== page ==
Mar 15, 2016

Royal decree: gene expression in transgenerationally immune primed bumblebee workers mimics a primary immune response

BioRxiv : the Preprint Server for Biology
Seth M BarribeauBen M Sadd

Abstract

Invertebrates lack the cellular and physiological machinery of the adaptive immune system, but show specificity in their immune response [1, 2] and immune priming [3-11]. Functionally, immune priming is comparable to immune memory in vertebrates. Individuals that have survived exposure to a given parasite are better protected against subsequent exposures. Protection may be cross-reactive (e.g. [12]), but demonstrations of persistent and specific protection in invertebrates are increasing [3, 5]. This immune priming can cross generations ("trans-generational" immune priming) [4, 8], preparing offspring for the prevailing parasite environment. While these phenomena gain increasing support, the mechanistic foundations underlying such immune priming, both within and across generations, remain largely unknown. Using a transcriptomic approach, we show a bacterial challenge to bumblebee queens, known to induce trans-generational immune priming, alters daughter (worker) gene expression. Daughters, even when unchallenged themselves, constitutively express a core set of the genes induced upon direct bacterial exposure, including high expression of antimicrobial peptides, a beta-glucan receptor protein implicated in bacterial recognition ...Continue Reading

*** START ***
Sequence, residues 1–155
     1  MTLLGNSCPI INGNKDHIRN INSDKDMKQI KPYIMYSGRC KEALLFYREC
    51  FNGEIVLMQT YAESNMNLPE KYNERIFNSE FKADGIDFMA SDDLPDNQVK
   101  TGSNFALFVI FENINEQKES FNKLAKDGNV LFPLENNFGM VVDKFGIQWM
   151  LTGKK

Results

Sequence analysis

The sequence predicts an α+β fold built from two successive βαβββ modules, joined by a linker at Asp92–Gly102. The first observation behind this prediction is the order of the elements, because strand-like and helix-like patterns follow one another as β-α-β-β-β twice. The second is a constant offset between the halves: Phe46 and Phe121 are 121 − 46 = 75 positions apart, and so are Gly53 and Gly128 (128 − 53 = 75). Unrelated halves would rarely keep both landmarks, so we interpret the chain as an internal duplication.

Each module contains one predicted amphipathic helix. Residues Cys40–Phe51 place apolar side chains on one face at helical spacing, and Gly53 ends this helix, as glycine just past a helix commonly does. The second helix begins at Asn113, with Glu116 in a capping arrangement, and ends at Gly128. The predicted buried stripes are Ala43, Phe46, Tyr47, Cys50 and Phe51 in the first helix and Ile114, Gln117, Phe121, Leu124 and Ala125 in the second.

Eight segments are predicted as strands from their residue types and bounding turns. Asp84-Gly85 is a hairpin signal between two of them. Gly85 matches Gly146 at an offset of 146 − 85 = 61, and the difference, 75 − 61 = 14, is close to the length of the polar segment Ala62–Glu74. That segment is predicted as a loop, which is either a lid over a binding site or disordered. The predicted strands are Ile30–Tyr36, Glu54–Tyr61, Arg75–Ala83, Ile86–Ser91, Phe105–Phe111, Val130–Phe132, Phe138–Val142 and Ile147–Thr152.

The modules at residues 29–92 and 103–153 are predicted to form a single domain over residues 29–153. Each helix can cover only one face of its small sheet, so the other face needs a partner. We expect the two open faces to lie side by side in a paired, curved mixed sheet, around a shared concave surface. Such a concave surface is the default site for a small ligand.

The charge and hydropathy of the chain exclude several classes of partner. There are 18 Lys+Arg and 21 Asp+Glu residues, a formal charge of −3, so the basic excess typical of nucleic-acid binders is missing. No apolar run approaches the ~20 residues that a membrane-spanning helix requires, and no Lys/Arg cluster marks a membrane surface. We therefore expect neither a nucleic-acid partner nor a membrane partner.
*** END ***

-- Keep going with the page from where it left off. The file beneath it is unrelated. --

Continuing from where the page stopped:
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Mentioned in this Paper

Vertebrates
Apis mellifera
Immune Response
Biochemical Pathway
Immune System
Genes
Beta-glucan receptor
Environment
Cross Reactions
Gene Expression

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